Carl Pascarella, Chair of the Board and Executive Committee of the San Francisco Ballet, shares his business insights on developing the nationally recognized and oldest professional ballet company in the United States. Pascarella discusses leveraging the synergies between the artistic and business elements of the ballet to accomplish growth and success.
Kirsten Komoroske, Executive Director of the Walt Disney Family Museum located in San Francisco, discusses the museum’s unique mission to give visitors an inside look at Walt Disney as a human – and not simply a brand, through his unwavering enthusiasm for his vision of an animated world, his perseverance through financial hardship, and his incredible story-telling skills, brought to life.
After 20 years of planning, five years of legal battles, and a $15M investment, the 81-year-old artist Christo has abandoned his “Over the River” project in an act of protest against President Donald Trump, he stated.
Elizabeth Babcock, Chief Public Engagement Officer of the California Academy of Sciences, discusses how wonder and the desire to protect our planet inspires patrons to visit one of the largest cultural institutions on the West Coast.
Elizabeth Babcock, Chief Public Engagement Officer of the California Academy of Sciences, discusses the unique elements of one of the largest cultural attractions on the West Coast, including initiatives to improve access to STEM education, unique conservation efforts of endangered species, and its fascinating exhibits that are key to inspiring learning through discovery.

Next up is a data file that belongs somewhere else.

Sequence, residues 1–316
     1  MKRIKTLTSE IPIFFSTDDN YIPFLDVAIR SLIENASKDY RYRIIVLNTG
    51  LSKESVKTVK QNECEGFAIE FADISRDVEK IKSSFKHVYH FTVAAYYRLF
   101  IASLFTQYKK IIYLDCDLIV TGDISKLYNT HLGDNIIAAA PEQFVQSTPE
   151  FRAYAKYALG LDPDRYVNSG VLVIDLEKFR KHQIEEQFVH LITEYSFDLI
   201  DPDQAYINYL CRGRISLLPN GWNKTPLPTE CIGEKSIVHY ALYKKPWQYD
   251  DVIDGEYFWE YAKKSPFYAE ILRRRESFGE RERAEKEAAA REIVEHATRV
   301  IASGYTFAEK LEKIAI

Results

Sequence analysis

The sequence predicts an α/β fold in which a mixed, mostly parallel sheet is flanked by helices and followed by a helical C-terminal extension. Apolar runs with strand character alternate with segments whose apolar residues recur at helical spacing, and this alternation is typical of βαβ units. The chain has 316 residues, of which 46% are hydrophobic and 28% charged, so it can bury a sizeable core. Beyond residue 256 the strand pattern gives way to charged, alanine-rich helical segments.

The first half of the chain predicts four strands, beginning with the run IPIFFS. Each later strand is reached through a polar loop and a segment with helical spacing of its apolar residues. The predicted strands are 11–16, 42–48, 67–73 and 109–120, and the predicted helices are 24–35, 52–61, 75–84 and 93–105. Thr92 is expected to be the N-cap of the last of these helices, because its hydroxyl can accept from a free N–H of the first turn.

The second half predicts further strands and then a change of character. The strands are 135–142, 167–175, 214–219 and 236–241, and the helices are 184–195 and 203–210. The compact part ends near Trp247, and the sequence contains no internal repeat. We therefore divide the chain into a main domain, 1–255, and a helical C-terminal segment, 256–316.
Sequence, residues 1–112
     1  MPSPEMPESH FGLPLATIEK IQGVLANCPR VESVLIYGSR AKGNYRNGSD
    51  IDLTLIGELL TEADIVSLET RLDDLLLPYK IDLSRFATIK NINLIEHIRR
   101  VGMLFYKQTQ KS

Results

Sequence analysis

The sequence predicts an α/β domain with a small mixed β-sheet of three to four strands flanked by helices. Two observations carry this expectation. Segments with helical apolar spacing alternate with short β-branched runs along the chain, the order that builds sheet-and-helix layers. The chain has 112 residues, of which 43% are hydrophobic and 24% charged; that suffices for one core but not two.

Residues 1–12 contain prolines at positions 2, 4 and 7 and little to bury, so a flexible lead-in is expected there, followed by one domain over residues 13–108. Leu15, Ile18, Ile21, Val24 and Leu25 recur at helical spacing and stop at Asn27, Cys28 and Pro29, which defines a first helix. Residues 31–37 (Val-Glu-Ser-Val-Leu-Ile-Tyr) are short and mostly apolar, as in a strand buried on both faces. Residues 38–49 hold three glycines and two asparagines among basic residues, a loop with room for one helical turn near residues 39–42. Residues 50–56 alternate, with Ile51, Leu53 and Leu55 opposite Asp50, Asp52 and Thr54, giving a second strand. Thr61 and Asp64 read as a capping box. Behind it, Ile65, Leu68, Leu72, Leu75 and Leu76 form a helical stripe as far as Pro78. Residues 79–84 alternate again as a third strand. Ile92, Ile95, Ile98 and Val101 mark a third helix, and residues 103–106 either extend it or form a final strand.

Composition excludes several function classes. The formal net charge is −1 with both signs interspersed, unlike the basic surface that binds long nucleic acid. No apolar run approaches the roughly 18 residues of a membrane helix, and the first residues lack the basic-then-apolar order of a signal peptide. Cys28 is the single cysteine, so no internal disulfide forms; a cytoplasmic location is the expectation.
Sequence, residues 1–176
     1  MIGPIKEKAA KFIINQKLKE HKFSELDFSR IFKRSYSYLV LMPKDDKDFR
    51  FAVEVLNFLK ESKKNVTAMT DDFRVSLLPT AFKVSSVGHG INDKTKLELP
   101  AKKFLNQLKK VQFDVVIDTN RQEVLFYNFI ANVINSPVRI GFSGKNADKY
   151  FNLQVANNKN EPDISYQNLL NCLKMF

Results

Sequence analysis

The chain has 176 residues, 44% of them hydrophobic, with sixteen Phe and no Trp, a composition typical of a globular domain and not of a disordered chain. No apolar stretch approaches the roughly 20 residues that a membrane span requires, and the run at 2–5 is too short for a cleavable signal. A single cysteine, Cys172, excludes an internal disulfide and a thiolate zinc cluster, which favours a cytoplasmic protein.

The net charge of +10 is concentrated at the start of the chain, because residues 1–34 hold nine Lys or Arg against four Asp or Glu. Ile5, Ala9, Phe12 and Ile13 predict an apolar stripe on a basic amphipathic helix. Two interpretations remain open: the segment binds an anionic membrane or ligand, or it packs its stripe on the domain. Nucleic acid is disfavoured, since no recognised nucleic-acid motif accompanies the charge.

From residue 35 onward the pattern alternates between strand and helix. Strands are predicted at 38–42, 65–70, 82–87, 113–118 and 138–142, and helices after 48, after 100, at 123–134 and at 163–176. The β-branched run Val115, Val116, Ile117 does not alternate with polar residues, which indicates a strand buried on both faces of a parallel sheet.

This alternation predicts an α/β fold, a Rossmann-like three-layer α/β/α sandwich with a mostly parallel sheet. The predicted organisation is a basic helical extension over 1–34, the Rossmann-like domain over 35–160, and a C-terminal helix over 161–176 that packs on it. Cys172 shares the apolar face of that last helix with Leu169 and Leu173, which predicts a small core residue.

ArtFinder, an online marketplace for art – similar to Amazon, but for art – created an Artificial Intelligence Twitter robot that scans an image and connects users to similar artworks sold on its site.
UNITED NATIONS (AP) — More than 100 countries don’t keep accurate counts of births and deaths. More than 70 don’t have robust data on poverty. There’s a dearth of accurate, comparable figures on the number of disabled children in almost every nation, U.N. statisticians say.
In response to China’s request, Apple has removed the New York Times app – in both English and Chinese – from China’s app store, as a result of what Chinese government called a “violation of local regulations.”